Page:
When Culture Gets in the Way of Healthy Eating
Updated: Jun 27, 2019
In the last year that I've been coaching people I've noticed how certain aspects of our Filipino culture can influence how we eat. While we're lucky that we have affordable access to high quality meat, seafood and produce, and that most Pinoy meals are pretty primal, we often run into situations and ways of thinking that may derail our efforts at eating well. These things are kind of wired into us as a people, so they do present a bit of a challenge:
1. We're afraid of going hungry.
In the Philippines, a typical day may have a number of meals: breakfast, the morning snack, lunch, afternoon merienda, dinner, and potentially a midnight snack. What's funny is that sometimes this isn't because we're actually hungry in between meals; sometimes it's just done out of habit. Or boredom. Or just because the food happens to be there.
In my group coaching sessions, whenever I ask people to "honor their hunger" and try to differentiate between "I want to eat" vs. "I'm really hungry" (described as the "FEED ME OR ELSE....!!!!" feeling), many of them surprise themselves when they find that they can actually skip their usual 10am snack and be just fine all the way until lunch or even past it.
Of course sometimes, being constantly hungry has to do with insulin resistance so dietary changes may be needed to help regulate insulin response and break free of sugar dependency.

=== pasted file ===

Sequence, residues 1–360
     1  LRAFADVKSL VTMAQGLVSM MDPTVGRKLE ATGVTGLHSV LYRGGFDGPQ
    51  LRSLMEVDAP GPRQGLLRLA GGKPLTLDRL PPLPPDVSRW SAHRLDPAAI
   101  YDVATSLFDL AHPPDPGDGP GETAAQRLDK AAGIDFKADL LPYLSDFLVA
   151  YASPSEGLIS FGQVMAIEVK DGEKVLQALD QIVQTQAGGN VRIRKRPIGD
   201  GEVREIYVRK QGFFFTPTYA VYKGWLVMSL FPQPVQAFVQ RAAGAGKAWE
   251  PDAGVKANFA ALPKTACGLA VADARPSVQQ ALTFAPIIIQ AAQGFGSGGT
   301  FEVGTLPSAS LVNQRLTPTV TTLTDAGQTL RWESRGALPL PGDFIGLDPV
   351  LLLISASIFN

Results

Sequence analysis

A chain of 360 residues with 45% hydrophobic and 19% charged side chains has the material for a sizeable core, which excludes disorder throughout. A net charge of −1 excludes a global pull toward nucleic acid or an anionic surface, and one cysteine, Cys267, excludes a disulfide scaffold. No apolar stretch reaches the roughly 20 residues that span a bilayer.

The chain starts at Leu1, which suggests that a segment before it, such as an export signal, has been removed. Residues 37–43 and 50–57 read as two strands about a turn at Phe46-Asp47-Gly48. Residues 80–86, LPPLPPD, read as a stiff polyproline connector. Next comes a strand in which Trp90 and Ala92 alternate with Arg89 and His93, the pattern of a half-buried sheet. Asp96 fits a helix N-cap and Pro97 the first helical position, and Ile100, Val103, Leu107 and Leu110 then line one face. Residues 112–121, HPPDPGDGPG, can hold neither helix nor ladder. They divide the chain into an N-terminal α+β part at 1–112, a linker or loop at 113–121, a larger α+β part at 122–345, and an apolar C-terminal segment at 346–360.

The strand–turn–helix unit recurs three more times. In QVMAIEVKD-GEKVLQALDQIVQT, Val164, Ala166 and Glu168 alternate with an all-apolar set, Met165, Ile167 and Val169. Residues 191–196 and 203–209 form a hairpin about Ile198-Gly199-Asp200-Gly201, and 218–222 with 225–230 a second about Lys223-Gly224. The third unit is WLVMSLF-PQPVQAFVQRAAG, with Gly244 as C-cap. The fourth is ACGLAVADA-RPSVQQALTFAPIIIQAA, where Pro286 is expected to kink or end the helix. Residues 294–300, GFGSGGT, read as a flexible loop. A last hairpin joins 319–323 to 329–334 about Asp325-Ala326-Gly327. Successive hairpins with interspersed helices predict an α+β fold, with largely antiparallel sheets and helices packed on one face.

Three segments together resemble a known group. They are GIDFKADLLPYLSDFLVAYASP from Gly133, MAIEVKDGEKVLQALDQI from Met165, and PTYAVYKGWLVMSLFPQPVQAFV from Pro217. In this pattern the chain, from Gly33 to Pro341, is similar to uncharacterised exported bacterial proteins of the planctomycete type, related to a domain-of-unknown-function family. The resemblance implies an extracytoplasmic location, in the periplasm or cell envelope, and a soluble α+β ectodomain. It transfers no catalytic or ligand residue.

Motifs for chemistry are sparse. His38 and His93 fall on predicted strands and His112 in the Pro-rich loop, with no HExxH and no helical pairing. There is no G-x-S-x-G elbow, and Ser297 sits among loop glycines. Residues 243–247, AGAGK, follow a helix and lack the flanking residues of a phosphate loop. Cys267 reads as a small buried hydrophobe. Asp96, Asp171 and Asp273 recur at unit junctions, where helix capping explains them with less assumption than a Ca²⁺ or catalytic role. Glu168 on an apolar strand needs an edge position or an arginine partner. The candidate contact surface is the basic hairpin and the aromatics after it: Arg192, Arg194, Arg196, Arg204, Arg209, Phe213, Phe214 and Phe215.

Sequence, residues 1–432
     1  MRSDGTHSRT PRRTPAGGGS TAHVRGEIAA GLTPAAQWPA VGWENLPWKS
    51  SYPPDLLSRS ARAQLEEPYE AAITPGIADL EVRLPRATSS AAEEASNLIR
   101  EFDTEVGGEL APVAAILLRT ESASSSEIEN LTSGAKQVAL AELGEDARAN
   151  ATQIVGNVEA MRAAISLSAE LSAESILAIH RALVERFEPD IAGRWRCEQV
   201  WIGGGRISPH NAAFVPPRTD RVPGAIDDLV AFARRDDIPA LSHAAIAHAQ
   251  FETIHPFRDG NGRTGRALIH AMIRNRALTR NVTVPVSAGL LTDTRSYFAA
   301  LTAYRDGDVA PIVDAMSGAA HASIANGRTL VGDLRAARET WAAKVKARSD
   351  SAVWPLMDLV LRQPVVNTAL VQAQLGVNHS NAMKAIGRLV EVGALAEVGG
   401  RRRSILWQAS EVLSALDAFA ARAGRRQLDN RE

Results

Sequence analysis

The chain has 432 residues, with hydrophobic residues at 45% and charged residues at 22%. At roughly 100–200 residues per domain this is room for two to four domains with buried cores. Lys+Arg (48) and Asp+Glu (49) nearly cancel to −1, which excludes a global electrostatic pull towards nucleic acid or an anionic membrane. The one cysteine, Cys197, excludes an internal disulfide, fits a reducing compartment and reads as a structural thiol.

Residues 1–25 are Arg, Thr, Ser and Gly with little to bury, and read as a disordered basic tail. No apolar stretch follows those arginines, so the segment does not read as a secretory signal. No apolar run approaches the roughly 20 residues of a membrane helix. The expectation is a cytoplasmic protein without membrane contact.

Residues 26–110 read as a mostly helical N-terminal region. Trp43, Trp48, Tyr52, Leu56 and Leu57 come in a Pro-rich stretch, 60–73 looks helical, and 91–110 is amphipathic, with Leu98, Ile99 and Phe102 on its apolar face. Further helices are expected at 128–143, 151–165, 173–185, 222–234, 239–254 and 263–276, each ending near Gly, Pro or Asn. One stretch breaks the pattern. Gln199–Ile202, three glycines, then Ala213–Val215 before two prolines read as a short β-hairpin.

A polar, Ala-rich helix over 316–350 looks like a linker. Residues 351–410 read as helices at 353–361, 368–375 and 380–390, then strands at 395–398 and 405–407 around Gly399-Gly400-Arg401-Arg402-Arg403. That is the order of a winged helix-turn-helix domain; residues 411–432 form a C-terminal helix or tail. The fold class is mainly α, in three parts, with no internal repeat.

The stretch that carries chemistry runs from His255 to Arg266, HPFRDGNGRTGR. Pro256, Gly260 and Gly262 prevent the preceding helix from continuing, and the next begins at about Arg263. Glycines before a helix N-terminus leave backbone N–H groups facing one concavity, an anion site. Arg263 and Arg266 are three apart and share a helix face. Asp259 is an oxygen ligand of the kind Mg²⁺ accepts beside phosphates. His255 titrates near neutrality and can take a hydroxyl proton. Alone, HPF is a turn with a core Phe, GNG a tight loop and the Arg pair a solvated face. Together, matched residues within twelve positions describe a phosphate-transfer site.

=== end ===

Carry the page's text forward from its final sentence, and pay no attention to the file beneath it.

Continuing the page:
As Pinoys we all love to eat, but our relationship with food has to change from constant neediness and obsession to one where we are in control, where we become more selective and really savor what we eat.
2. Dapat busog at every meal.
Language is always reflective of culture. In the Philippines, there are only two words to describe our state of satiation: gutom (hungry) and busog (full). There is no in-between. So when I ask people to eat "only until no longer hungry," it's a pretty difficult concept to grasp.
When you attend a conference or a party with a buffet meal you'll find people loading up plate after plate and eating like there's no tomorrow "para sulit yung buffet." How the word sulit (good deal) ever came to mean "overstuffed and likely to feel guilty and sick afterwards" is a mystery to me.
In contrast, the Japanese -- particularly the Okinawans who are known for their long life spans -- have a concept of hara hachi bu: to eat only until 80% full. A Japanese proverb even says: “eight parts of a full stomach sustain the man; the other two sustain the doctor.”
This is a great rule to follow, instead of going from extreme hunger to extreme fullness and all the guilt it comes with. It also helps to eat slowly, so you can give yourself time to assess whether you are in fact "no longer hungry."
3. Kailangang makisama.
This is probably one of the most difficult to hurdle. Pinoys are the most hospitable people and almost every social situation involves food. Not a week goes by that you'll find yourself on the receiving end of a slice of cake, ice cream or a heaping plate of pancit (with rice, of course!). Saying no is considered a little rude, and there will likely be a bit of back-and-forth between your "thank you, I can't" and your host's "sige na, tama na yang diet na yan!"
What do you do?
Well...a couple of options: Depending on the situation, you can opt to just have some of that halo-halo, enjoy it, and then brace yourself for the gas and the mad rush to the bathroom. Or you can stand your ground, say politely that you would love some, but you need to decline for health reasons. Either way it's tough, but you'll get over it, and so will everyone else.
That's just how it is. But it helps to be aware of these "cultural blockers," to practice mindfulness when eating, sound judgement, and sensitivity in social situations.